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Schenectady profiting as landlord, investing little

Schenectady profiting as landlord, investing little

The city has collected a small windfall from the houses it seized through foreclosures last year.

The city has collected a small windfall from the houses it seized through foreclosures last year.

By offering month-to-month leases to tenants living in those houses, the city has now earned $45,719 in the first year of its venture into property ownership.

But city officials have not invested much to maintain those houses, which they intend to own for only a short period of time. All of the houses are for sale. Early on, city officials decided they could only afford to spend $2,500 per house on maintenance, Building Inspector Eric Shilling said.

If a more expensive problem cropped up, he said city officials advised the tenants to move out.

Last winter, tenant Rose West was told to leave when she reported a gas leak she believed was related to the furnace. City officials told her they couldn’t justify the expense of a new furnace.

In the end, the leak turned out to be in a gas line to her dryer and she did not have to move, but she had to call National Grid and others to evaluate the situation. City officials never came, she said.

Shilling said that moving out was the only option he could offer.

“I’m not quite sure what assistance we could do,” he said. “Obviously, we have limited resources. We didn’t choose, like a private investor. … We simply don’t have the resources to make all the repairs in all these houses.”

When the city foreclosed, code inspectors looked at each occupied building. If they found unsafe conditions then, the tenants had to move out.

The rest were offered a month-to-month lease, but they were told that the city would be selling their buildings and that they should start looking for a new place to live.

“The city wanted to give people time to move on and find another place,” said Deputy Finance Commissioner Anthony Ferrari. “We’re not fixing properties. The idea is not to fix them so they can stay there; it’s to give them time to move on or buy the place themselves.”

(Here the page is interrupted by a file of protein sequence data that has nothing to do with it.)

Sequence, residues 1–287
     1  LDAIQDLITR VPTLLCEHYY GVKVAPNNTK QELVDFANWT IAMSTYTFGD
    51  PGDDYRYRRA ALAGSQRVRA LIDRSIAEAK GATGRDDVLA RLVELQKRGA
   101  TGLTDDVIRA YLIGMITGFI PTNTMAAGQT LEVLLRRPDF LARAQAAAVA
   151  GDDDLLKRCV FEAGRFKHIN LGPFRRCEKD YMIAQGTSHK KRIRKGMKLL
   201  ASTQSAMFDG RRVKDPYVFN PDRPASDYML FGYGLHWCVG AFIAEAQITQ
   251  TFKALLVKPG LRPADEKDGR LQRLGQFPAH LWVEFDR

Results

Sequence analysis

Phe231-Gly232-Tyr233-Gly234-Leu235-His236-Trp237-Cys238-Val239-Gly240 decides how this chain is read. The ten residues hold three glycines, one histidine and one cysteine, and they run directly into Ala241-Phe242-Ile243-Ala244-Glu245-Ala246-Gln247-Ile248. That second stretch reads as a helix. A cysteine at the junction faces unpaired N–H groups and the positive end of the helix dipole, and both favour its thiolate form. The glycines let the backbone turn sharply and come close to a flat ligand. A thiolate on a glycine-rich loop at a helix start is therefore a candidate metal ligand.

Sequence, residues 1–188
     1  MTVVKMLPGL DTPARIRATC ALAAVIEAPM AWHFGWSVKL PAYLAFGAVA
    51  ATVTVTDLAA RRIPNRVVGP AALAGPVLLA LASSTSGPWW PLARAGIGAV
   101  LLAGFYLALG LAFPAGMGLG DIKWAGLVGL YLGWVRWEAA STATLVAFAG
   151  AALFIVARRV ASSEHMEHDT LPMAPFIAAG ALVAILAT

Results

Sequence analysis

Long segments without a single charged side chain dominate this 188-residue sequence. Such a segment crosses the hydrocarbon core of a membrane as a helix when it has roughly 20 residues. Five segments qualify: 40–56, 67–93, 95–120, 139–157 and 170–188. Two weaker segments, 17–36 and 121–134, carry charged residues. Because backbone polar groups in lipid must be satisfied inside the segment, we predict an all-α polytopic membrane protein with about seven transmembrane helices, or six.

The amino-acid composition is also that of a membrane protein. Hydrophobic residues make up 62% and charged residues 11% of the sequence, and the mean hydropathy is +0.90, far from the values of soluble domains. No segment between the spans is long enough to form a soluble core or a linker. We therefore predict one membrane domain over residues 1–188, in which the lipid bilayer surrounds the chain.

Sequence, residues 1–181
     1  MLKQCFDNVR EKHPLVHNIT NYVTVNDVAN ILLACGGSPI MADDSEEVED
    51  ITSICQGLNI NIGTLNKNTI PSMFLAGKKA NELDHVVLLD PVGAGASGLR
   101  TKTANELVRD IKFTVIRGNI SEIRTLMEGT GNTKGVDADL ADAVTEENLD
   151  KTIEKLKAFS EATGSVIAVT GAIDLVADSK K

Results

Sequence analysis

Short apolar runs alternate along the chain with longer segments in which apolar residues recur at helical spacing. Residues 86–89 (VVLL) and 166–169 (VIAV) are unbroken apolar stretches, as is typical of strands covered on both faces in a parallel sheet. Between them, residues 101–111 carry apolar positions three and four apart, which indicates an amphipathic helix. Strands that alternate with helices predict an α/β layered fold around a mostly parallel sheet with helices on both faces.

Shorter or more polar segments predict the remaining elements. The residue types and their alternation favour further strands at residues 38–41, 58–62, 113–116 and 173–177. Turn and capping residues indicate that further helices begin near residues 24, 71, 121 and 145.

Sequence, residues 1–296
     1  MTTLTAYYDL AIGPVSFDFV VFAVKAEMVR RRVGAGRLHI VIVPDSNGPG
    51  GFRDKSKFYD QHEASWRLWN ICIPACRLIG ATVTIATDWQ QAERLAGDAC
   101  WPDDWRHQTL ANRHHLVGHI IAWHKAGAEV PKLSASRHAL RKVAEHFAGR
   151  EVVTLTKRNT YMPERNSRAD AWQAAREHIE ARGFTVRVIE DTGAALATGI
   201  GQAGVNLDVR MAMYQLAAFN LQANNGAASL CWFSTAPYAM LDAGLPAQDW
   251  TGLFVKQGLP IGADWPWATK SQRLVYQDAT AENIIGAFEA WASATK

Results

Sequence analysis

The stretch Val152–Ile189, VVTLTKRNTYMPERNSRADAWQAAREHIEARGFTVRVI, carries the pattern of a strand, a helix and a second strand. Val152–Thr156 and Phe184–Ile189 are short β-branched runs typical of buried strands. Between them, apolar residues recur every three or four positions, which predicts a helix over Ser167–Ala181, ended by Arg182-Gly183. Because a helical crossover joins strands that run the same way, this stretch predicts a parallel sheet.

Not many tenants took the city’s offer. At its peak, 20 units were rented by the city; now that number is down to seven, Ferrari said.

City officials offered to rent apartments when they discovered, somewhat to their surprise, landlords had been collecting monthly rent while not paying their taxes. That left the tenants holding the bag when the city foreclosed for back taxes.

“We didn’t want to throw people on the street,” Ferrari said. “They were paid up on their rent, their landlord just didn’t pay their taxes.”

But those who started paying the city found they didn’t really have a landlord. When they called to report problems, the Codes Department decided whether the problem was worth solving.

Many problems were too expensive to resolve — such as leaking roofs and broken furnaces — while others were considered too minor — like peeling paint.

Only a few repairs have been made. In one case, city officials ended up spending $5,000 — twice the self-imposed limit — repairing a sewage pipe that turned out to be far more damaged than inspectors believed. Shilling authorized the complete replacement of the sewer lateral.

“You can’t sell a house that doesn’t have a working toilet,” he said.

Every house is for sale, and that also complicates matters, Mayor Gary McCarthy said.

“It’s a house that owes us $30,000, and somebody complains, ‘We need a new roof.’ I’m not going to spend $11,000 on a new roof,” McCarthy said.

And he also didn’t want city officials to patch up old equipment, like furnaces, that a new owner will replace.

“I don’t want to put a lot of money in these properties in an unplanned endeavor,” he said. “But at the same time, people are not going to be put in a hazardous or life-threatening situation.”

If a house becomes that dangerous, Shilling said, he has no choice but to advise tenants to move out.

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